The Arleigh Burke class destroyer is a multi-mission combatant offering the most capable surface warships ever built, with the requisite weapons, electronics, helicopter support facilities, propulsion, auxiliary and survivability systems to successfully carry out the Navy’s missions.
History of American Destroyers
On November 24, 1902, a new era in U.S. Navy history began as its first destroyer, USS Bainbridge (DD 1), was commissioned. USS Bainbridge was actually a torpedo boat destroyer. She was 250 feet in length, displaced 420 tons and had a top speed of 29 knots. She carried a crew of 75.
The Naval Act of 1916 authorized 50 destroyers built over a three year period. Less than a year later, the first U.S. warships reached the European theater at Queenstown, Ireland, to join the fight against Germany during World War I.
In 1941, the US Navy began building a fleet of large destroyers known as the Fletcher class. It was designed to rival the Japanese “special type” destroyers that entered service more than a decade before. A total of 175 were built from June 1942 to February 1945. The Fletcher class is regarded by many historians as the signature destroyer of World War II.
Other WWII destroyer classes included the Allen M. Sumner and Gearing class. These three classes dominated the Navy’s destroyer force for 25 years.
Beginning in the 1950s, new destroyer-type construction began appearing in two sizes, with purpose-built anti-submarine (ASW) ocean escorts forming a third line of evolution. Of the smaller destroyers, the first to be commissioned were eighteen ships of the 2,780-ton Forrest Sherman class. These “last gunships” introduced a main armament of three 5-inch/54 caliber rapid fire guns on an enlarged hull.
The first destroyer built by Ingalls, the Forrest Sherman class USS Morton (DD 948), was delivered to the Navy on May 14, 1959. Production on the DDs continued until 1983.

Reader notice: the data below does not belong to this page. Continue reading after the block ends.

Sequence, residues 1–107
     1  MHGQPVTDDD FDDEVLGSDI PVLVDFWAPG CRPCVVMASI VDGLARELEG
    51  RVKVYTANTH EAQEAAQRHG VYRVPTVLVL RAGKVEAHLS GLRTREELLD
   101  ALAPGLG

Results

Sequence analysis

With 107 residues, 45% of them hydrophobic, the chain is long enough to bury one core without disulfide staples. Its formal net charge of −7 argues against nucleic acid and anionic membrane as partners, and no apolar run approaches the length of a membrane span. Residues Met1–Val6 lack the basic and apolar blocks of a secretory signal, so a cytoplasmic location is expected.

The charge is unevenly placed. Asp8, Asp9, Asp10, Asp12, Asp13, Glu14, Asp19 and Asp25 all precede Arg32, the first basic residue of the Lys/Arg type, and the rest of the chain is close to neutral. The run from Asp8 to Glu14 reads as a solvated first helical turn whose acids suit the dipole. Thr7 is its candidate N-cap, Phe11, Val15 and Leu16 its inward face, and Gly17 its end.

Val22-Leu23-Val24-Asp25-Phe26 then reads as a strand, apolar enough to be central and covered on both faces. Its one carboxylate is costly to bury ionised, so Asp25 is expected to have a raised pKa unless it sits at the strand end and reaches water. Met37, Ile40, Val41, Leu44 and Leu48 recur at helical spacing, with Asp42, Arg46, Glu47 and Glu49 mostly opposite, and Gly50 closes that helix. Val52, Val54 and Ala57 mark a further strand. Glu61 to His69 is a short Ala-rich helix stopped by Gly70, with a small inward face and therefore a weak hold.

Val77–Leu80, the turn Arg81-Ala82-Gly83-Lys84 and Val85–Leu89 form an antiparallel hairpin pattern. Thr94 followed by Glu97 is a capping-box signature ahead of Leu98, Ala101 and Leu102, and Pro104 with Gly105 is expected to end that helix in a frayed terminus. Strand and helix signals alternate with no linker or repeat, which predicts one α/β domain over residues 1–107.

On July 4, 1991, the Navy commissioned its first-in-class Aegis guided missile destroyer USS Arleigh Burke (DDG 51). Ingalls delivered the second Arleigh Burke class destroyer, USS Barry (DDG 52), in October 1992. The Arleigh Burke destroyers are still regarded as the US Navy’s most powerful and advanced surface warship. Production on these destroyers continues today at Ingalls Shipbuilding.
Since the delivery of USS Barry, Ingalls has continued to build Arleigh Burke class destroyers for the U.S. Navy. Drawing upon “lessons learned” from each ship, Ingalls continually improves its shipbuilding process in the areas of safety, quality, cost and schedule. Twenty-eight Ingalls-built destroyers are in active service. John Finn (DDG 113), Ralph Johnson (DDG 114), Paul Ignatius (DDG 117), Delbert D. Black (DDG 119), and Frank E. Petersen Jr. (DDG 121) are currently under construction. John Finn (DDG 113) was delivered in 2016 and Ralph Johnson (DDG 114) is scheduled to deliver in 2017. Lenah H. Sutcliffe Higbee (DDG 123) started fabrication in early 2017.
Nov. 24, 1902: The U.S. Navy’s first destroyer, USS Bainbridge, is commissioned.
Aug. 29, 1916: Congress approved President Woodrow Wilson’s request for to build a navy equal to any in the world. The Naval Act of 1916 authorized 50 destroyers built over a three year period.
Sep. 2, 1940: An agreement between President Franklin D. Roosevelt and Prime Minister Winston Churchill led to the transfer of 50 World War I destroyers to the Royal Navy. The destroyers were requested to help combat German U-boats. In return, the U.S. was given 99-year leases to British bases in Bermuda, Newfoundland and the West Indies.
1941: The US Navy began building a fleet of large destroyers known as the Fletcher class, its first design to rival the Japanese “special type” destroyers that had first entered service more than a decade before. A total of 175 were built from June 1942 to February 1945.
May 14, 1959: Ingalls delivers its first destroyer, the Forrest Sherman-class USS Morton (DD 948), to the U.S. Navy
October 1992: Ingalls delivers the U.S. Navy’s second Arleigh Burke-class destroyer, USS Barry (DDG 52)
Sept. 3, 2012: The first cut of steel was made for USS John Finn (DDG 113) in Pascagoula, marking Ingalls’ return to the DDG 51 program.